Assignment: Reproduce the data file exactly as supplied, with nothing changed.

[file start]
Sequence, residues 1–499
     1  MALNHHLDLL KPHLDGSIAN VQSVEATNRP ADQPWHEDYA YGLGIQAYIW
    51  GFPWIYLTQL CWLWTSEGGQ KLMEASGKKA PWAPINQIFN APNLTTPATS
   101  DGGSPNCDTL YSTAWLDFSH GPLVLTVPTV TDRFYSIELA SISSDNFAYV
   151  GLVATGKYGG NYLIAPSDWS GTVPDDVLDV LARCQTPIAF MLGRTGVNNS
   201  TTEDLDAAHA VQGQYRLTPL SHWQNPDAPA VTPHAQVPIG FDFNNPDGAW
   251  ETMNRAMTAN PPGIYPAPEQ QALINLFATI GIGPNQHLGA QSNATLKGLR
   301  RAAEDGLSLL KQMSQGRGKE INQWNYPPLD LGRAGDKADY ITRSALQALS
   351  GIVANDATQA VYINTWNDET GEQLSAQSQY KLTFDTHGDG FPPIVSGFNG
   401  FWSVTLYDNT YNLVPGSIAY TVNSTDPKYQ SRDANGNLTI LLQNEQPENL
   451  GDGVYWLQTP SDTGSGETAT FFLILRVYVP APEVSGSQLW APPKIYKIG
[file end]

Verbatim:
Sequence, residues 1–499
     1  MALNHHLDLL KPHLDGSIAN VQSVEATNRP ADQPWHEDYA YGLGIQAYIW
    51  GFPWIYLTQL CWLWTSEGGQ KLMEASGKKA PWAPINQIFN APNLTTPATS
   101  DGGSPNCDTL YSTAWLDFSH GPLVLTVPTV TDRFYSIELA SISSDNFAYV
   151  GLVATGKYGG NYLIAPSDWS GTVPDDVLDV LARCQTPIAF MLGRTGVNNS
   201  TTEDLDAAHA VQGQYRLTPL SHWQNPDAPA VTPHAQVPIG FDFNNPDGAW
   251  ETMNRAMTAN PPGIYPAPEQ QALINLFATI GIGPNQHLGA QSNATLKGLR
   301  RAAEDGLSLL KQMSQGRGKE INQWNYPPLD LGRAGDKADY ITRSALQALS
   351  GIVANDATQA VYINTWNDET GEQLSAQSQY KLTFDTHGDG FPPIVSGFNG
   401  FWSVTLYDNT YNLVPGSIAY TVNSTDPKYQ SRDANGNLTI LLQNEQPENL
   451  GDGVYWLQTP SDTGSGETAT FFLILRVYVP APEVSGSQLW APPKIYKIG